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Dhaka ranks 5th in Air Quality Index

  • Published at 08:07 pm March 8th, 2018
  • Last updated at 09:14 am March 9th, 2018
Dhaka ranks 5th in Air Quality Index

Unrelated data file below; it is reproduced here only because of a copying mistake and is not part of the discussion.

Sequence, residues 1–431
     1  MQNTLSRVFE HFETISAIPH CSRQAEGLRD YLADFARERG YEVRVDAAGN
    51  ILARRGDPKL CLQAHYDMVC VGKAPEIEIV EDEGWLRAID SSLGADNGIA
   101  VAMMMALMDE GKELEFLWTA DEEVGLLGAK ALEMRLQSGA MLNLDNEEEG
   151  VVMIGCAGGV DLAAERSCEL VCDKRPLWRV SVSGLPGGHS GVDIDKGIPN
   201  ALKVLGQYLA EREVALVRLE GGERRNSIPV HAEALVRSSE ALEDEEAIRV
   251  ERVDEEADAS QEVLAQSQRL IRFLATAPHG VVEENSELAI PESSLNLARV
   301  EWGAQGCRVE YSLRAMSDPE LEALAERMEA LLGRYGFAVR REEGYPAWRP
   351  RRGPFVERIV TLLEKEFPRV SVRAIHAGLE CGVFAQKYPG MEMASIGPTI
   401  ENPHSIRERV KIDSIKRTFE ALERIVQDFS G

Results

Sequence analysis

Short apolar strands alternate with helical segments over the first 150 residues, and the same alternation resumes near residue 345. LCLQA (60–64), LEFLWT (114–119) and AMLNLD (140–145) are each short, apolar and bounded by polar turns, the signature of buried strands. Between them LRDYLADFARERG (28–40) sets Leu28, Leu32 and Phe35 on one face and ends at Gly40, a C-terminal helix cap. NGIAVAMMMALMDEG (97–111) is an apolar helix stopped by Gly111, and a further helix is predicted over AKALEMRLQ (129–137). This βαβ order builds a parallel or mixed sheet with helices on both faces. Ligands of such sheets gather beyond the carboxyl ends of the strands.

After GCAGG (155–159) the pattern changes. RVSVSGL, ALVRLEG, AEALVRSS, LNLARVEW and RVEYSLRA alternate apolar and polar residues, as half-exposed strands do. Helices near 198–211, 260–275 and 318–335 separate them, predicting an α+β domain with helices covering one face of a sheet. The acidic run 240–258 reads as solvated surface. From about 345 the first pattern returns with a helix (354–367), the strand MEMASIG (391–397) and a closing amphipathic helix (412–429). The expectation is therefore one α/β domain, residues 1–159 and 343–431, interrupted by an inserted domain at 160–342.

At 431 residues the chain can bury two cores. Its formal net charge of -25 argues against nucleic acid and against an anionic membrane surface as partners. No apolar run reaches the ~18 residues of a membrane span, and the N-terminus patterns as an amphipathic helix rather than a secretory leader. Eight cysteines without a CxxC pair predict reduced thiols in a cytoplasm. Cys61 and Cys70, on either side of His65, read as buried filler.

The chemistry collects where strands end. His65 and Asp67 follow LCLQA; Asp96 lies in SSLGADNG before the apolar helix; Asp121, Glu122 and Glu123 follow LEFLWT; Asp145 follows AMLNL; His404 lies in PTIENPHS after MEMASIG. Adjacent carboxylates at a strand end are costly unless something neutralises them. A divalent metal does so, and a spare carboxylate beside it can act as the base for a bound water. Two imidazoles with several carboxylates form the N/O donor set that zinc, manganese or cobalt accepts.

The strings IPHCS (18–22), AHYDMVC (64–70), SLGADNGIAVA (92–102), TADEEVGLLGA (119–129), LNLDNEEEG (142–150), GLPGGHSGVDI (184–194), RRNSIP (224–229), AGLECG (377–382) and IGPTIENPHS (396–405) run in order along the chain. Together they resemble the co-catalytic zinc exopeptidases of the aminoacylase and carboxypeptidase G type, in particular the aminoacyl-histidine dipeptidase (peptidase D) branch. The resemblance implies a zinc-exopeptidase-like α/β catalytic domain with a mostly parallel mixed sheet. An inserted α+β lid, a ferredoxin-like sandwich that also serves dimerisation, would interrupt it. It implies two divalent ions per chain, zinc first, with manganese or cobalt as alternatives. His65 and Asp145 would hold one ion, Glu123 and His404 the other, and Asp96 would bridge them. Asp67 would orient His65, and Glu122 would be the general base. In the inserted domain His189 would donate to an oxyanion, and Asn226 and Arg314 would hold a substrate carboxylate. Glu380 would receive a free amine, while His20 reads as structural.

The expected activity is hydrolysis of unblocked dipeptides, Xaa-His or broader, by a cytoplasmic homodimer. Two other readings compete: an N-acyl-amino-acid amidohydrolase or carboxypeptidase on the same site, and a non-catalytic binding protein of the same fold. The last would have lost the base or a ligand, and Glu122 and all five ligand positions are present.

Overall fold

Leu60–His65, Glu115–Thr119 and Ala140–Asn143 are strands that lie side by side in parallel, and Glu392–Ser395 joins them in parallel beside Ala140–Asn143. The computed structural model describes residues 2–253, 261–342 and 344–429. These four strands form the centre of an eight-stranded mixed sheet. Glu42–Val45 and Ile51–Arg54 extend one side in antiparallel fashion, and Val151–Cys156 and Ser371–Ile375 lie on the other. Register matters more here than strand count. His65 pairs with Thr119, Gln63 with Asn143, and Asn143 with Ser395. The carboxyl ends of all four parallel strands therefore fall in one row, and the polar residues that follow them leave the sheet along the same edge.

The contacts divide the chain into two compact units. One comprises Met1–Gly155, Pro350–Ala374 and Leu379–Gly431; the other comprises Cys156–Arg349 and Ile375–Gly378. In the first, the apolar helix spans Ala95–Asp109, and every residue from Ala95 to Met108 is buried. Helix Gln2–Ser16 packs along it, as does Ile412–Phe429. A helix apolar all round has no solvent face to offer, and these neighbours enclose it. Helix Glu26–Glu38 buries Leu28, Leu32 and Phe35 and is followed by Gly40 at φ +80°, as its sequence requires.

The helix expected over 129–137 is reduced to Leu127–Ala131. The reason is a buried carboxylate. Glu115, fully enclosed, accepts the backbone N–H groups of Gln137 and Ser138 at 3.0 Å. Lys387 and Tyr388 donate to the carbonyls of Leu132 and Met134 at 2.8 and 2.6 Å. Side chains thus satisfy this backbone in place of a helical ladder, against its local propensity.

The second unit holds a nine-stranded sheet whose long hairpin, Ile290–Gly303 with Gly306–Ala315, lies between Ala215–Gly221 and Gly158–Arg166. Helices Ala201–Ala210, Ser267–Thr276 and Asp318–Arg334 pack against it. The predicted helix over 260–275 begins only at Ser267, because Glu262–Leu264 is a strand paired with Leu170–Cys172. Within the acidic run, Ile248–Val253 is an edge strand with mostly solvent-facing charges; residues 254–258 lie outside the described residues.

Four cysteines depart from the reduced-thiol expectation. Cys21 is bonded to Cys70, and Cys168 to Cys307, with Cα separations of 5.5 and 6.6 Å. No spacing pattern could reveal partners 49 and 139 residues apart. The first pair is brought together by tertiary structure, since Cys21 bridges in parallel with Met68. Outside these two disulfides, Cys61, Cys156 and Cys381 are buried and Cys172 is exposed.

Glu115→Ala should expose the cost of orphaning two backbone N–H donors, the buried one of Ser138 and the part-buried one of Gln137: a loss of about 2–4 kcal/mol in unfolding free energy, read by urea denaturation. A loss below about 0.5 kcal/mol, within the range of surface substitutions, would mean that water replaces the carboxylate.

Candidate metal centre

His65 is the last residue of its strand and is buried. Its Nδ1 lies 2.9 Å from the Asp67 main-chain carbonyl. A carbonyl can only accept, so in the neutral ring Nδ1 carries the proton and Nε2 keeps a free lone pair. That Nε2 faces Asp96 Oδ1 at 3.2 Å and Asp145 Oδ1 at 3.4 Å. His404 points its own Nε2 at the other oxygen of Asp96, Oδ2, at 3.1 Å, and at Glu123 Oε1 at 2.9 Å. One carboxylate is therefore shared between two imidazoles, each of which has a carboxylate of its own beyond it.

Bangladesh’s capital Dhaka has ranked the fifth most polluted city in the world. Dhaka scored 180 in the US Air Quality Index (AQI) at 9am on Thursday. The air was classified as “unhealthy.” The index was developed by the Environmental Protection Agency for reporting daily air quality of any city or country. Pakistan's Lahore topped the index with a score of 239, according to data obtained from AirVisual, a mobile application that shows real-time air pollution index of any city. Earlier while talking to the Dhaka Tribune, Department of Environment Director (Air quality management) Md Ziaul Haque said: “The air quality in Dhaka will continue to remain like this throughout March. “However, the quality of air will improve during the monsoon season.” Bangladesh, one of the most densely-populated countries in the world, has been struggling with air pollution for a long time while Dhaka has continued to rank among the most polluted cities. Brick kilns, vehicles run by fuels with higher level sulphur, as well as construction works have been identified as major sources of air pollution. The air quality further declines during the dry months – from October to April – but improves in the monsoon. The situation is very serious, experts say, pointing out that five of the top 10 causes of deaths in Bangladesh are related to air pollution. The United States Environmental Protection Agency (EPA) developed the Air Quality Index to report air quality. This AQI is divided into six categories, indicating increasing levels of health concern. An AQI value over 300 represents hazardous air quality and below 50 the air quality is good. The index is based on the five criteria pollutants regulated under the Clean Air Act– ground-level ozone, particulate matter, carbon monoxide, sulfur dioxide, and nitrogen dioxide. The AQI debuted in 1968, when the National Air Pollution Control Administration undertook an initiative to develop an air quality index and to apply the methodology to Metropolitan Statistical Areas.